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Another ‘Super’ Tuesday: Bernie Sanders Scores Surprise Win in Michigan

Bernie Sanders scored an upset victory over Hillary Clinton in Michigan’s Democratic primary on Tuesday, boosting his campaign at a time when Clinton had started turning her focus to a potential GOP rival.

But even with Sanders’ surprise showing, Clinton could extend her delegate margin after she won a lopsided victory in Mississippi.

Sanders, speaking to reporters in Florida before the race was called, said that the close results from Michigan showed that voters there “repudiated” the polls and pundits “who said Bernie Sanders is not going anywhere.”

Clinton, with a substantial delegate lead, was considered the likely winner given recent polling. A blowout victory in both states would have bolstered notions that she was pulling away with the nomination.

Instead, the race may go on longer that expected, particularly with a boost that Sanders may get in fundraising off his victory.

Voters appeared to have responded to Sanders message, about a “rigged” economy that has only grown worse by corporate-driven free trade deals and economic policies that favor Wall Street. In their most recent debate in Flint, Mich., on Sunday, Sanders tried to characterize Clinton as inconsistent on one of the most recent deals, the Trans Pacific Partnership.

On the Republican side, Donald Trump won primaries in Michigan and Mississippi and a caucus in Hawaii, while Ted Cruz won the primary in Idaho.

Trump said that his victories were a sign that an escalating barrage of TV attack ads to block his path to the GOP nomination weren’t working.

On Tuesday, dubbed “Super Tuesday II” by some media outlets, Michigan and Mississippi held presidential primaries, while Idaho was holding a Republican primary and Hawaii a GOP caucus.

At a rally in Cleveland earlier in the evening, before Michigan’s results came in, Clinton turned her attention to a potential Republican rival.

“Running for president shouldn’t be about delivering insults. It should be about delivering results,” she said, albeit not mentioning Trump by name.

“If we reach for love and kindness instead of bluster and bigotry, we can see the best in each other, not the worst,” she said.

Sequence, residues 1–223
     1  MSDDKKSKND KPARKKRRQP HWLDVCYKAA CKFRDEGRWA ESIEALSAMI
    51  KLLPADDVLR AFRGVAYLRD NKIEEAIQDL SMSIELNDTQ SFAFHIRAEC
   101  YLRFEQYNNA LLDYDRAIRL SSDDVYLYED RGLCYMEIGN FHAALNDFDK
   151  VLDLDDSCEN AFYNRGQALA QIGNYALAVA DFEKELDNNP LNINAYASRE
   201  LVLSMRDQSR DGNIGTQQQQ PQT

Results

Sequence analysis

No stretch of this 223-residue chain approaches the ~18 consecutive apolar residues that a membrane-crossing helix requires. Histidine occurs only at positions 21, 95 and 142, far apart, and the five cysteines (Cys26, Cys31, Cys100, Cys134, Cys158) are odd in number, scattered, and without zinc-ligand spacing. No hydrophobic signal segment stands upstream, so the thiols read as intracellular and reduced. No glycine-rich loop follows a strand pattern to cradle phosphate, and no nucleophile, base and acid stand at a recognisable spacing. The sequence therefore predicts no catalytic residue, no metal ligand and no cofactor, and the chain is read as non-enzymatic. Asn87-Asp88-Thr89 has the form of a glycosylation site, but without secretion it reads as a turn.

But her speech came in the midst of a press conference by Trump, and some networks stayed on the real estate mogul’s remarks.

As he spoke to reporters at Trump National Golf Club in Jupiter, Fla., his press conference at times took on the tone of an infomercial, as he waved an issue of Trump magazine, and made reference to a gallery of Trump brands, including wines, champagne and steaks, which were stocked in the room. He touted his business successes, along with friendships with figures like golfer Jack Nicklaus.

“What this shows is advertising is not as important as competence,” Trump told reporters.

Trump was referring to a wave of anti-Trump TV spots, including one that began running on Florida on Tuesday attacking Trump’s use of offensive language. It came from the American Future Fund, a conservative outside group that is registered as a 501(c) organization and not required to disclose its donors. Last week, Mitt Romney urged GOP voters to stop Trump, as he and other GOP figures warned that his candidacy would be disastrous for the party.

According to the Campaign Media Analysis Group, 62% of all GOP spending for the first week of March was for anti-Trump advertising, from 15% in the first week of February.

But Trump said that the results of Tuesday’s primaries showed that the attack ads against him weren’t working. he even suggested that the American Future Fund spot would end up helping him.

He also said that the GOP establishment should “embrace” his campaign, noting its ability to draw  higher turnout.

“We will win the election easily,” he said.

His campaign unveiled an ad characterizing Marco Rubio as “corrupt.” A Trump win on March 15 could force Rubio from the race, and the Florida senator was running fourth in Michigan and Mississippi in Tuesday’s voting.

Trump also posted a YouTube video in which he named two former students at Trump University, Bob Guillo and Kevin Scott, who have appeared in American Future Fund videos contending that they were scammed by the real estate seminar program. Trump held up course evaluations he said show that Guillo and Scott each gave their experience high marks.


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